Zooming out from these two examples, we can see that  our societies are being transformed through the implementation of ‘new myths’, based on fantasies of integration and diversity, and that these are increasingly reinforced as something good even as more people are slowly becoming aware that this new emperor has no clothes.

The time of  social organization in which myth and tradition played a deeper role and were accessible to everyone through local customs, law, folklore, religion, and deeply rooted values was effectively ended with the advent of modernity – not at once, but slowly eroded. And as an iceberg also erodes slowly through cracks from within, we are now seeing the entire edifice topple in slow motion.

In our modern, enlightened, and progressive times, the only ‘myth’ is that there isn’t one, apart from those repeated to us by the talking heads in the papers and on TV. Until quite recently, myths in society simply stemmed from the deeply lived experience of those that tdrew from it wisdom and strength into their present day and in turn passed it on to next generations – a torch passed on by men to illuminate their path, and having a deeper ‘function’ than to merely identify mores or customs. Rather, a myth spoke to a people about their soul(s). Myth and mythology did not have to have a positive or romantic connotation; it simply existed to preserve lived truths about both human experiences and the history of a people, often elevating these to the non-human level of gods, giants and immortal heroes.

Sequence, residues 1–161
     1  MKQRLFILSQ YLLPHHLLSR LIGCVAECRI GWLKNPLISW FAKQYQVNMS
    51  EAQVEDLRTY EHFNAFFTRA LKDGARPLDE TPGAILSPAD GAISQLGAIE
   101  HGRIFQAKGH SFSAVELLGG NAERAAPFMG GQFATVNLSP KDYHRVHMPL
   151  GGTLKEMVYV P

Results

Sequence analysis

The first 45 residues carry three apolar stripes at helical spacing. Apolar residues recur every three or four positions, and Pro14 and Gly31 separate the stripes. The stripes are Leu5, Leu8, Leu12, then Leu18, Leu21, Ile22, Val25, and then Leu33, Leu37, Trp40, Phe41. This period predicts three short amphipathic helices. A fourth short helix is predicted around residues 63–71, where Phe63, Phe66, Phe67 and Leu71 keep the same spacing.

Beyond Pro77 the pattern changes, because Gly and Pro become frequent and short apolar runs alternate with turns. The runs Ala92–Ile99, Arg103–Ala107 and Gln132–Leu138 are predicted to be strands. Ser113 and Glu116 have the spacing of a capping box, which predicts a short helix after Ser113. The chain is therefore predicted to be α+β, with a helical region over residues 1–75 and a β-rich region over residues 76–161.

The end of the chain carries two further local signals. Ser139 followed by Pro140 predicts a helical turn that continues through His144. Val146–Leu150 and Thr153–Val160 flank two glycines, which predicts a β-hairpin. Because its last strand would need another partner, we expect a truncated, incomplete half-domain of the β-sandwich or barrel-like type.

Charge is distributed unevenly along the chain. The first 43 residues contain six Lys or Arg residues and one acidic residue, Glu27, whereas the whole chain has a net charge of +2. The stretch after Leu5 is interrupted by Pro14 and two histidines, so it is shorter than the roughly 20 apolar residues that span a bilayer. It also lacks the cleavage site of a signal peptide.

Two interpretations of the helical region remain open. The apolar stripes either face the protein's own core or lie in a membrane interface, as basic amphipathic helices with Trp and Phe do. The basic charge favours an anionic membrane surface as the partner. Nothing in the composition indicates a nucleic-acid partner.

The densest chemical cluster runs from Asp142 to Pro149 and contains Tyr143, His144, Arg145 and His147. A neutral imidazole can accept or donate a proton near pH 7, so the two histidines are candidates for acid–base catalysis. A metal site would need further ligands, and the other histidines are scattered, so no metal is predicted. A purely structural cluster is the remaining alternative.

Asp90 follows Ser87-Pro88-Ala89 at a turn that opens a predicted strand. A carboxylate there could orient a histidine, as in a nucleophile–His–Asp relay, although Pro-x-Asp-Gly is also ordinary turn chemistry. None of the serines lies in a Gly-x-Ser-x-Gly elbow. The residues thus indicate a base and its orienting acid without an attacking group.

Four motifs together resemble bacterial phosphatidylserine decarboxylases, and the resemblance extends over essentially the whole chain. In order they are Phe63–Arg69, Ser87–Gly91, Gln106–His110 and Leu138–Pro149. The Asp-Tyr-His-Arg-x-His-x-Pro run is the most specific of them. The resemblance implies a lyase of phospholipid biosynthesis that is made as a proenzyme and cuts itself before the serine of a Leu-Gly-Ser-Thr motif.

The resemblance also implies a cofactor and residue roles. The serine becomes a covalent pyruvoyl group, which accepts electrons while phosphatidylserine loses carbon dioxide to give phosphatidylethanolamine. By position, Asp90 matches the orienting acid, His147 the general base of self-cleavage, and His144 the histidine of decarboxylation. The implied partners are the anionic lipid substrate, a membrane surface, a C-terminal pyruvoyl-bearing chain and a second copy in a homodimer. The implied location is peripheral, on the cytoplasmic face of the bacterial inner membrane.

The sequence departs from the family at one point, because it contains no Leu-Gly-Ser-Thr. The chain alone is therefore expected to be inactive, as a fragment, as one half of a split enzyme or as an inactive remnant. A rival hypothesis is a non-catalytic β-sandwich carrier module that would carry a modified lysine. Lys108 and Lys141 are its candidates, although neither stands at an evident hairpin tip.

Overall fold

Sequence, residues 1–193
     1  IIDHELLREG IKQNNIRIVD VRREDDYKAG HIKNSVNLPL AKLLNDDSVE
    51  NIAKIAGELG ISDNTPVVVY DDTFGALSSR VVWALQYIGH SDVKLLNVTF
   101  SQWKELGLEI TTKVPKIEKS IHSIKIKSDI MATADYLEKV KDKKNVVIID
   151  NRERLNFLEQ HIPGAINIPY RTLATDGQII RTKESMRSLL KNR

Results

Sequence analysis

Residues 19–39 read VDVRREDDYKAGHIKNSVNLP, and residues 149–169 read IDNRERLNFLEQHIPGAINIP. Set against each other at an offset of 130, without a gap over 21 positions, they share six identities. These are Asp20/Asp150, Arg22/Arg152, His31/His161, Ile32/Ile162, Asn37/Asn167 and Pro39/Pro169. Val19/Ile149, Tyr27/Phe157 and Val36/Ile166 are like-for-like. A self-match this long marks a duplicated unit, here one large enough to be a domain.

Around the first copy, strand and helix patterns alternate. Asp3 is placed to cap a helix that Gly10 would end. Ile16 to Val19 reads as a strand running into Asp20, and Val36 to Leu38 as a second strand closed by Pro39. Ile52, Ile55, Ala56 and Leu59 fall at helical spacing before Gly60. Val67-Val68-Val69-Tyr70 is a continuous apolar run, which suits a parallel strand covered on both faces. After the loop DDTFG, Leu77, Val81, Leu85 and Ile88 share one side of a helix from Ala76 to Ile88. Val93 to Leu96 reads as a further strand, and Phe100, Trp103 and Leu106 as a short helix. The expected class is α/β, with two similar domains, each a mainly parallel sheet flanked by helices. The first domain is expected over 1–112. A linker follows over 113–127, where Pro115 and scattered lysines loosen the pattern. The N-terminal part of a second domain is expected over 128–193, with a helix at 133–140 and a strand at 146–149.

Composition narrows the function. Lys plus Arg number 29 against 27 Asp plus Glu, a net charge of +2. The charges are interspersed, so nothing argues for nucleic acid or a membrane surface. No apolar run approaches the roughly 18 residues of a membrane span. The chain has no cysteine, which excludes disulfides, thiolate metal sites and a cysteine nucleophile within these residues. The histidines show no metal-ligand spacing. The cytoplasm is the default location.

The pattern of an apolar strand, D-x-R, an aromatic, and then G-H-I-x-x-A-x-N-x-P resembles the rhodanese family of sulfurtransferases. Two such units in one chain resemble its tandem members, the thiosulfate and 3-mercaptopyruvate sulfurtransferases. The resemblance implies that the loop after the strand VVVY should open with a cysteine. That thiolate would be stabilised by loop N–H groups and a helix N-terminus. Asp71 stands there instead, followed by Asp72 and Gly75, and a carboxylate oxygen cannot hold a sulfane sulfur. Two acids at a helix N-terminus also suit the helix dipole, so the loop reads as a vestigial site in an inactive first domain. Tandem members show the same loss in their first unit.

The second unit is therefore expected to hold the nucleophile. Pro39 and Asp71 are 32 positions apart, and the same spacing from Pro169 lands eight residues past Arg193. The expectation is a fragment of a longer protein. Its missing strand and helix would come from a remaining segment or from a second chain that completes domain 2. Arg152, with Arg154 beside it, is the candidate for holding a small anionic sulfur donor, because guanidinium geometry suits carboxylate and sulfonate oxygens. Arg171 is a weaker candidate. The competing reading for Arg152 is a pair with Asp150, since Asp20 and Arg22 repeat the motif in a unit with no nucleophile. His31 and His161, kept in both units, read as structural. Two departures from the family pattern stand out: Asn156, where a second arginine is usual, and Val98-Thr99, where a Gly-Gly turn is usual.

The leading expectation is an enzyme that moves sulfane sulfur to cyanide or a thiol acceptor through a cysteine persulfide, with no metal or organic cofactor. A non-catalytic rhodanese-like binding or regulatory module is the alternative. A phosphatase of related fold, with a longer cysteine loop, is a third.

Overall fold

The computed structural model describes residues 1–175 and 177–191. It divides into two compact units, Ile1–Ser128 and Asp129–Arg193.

However, we now live in an age where every such myth that forms the basis for the cohesion and common lived heritage of a people must be dismantled and dissected on the surgical platters of so-called “academics”. While they like to think they are true to the Socratic, Greek spirit of enquiry into reality, the basis of philosophy, it could not be further from the truth. What drove the great European, Faustian spirit of enquiry was indeed the wish to look ‘beyond the horizon’ – however, always whilst still carrying the torch of their forebears proudly and standing on the shoulders of giants. The only conception of our myths that these new academics have is that of something that deserves only scorn, mockery and ultimately at best, a feminist re-interpretation. They are not just looking for a black cat in a lightless room – they would turn on the light and mistake the lamp casting shadows for the cat.